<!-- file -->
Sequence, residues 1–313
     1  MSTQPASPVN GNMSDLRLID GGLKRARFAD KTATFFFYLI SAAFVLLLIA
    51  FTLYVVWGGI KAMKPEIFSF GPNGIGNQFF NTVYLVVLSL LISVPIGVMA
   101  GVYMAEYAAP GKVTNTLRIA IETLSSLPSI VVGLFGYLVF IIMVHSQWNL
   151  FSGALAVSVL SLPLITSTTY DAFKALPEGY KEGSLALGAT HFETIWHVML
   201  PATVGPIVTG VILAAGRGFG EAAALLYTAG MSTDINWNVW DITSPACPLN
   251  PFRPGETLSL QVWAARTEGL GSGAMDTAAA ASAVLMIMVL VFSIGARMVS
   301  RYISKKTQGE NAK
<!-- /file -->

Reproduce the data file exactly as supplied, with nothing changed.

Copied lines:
Sequence, residues 1–313
     1  MSTQPASPVN GNMSDLRLID GGLKRARFAD KTATFFFYLI SAAFVLLLIA
    51  FTLYVVWGGI KAMKPEIFSF GPNGIGNQFF NTVYLVVLSL LISVPIGVMA
   101  GVYMAEYAAP GKVTNTLRIA IETLSSLPSI VVGLFGYLVF IIMVHSQWNL
   151  FSGALAVSVL SLPLITSTTY DAFKALPEGY KEGSLALGAT HFETIWHVML
   201  PATVGPIVTG VILAAGRGFG EAAALLYTAG MSTDINWNVW DITSPACPLN
   251  PFRPGETLSL QVWAARTEGL GSGAMDTAAA ASAVLMIMVL VFSIGARMVS
   301  RYISKKTQGE NAK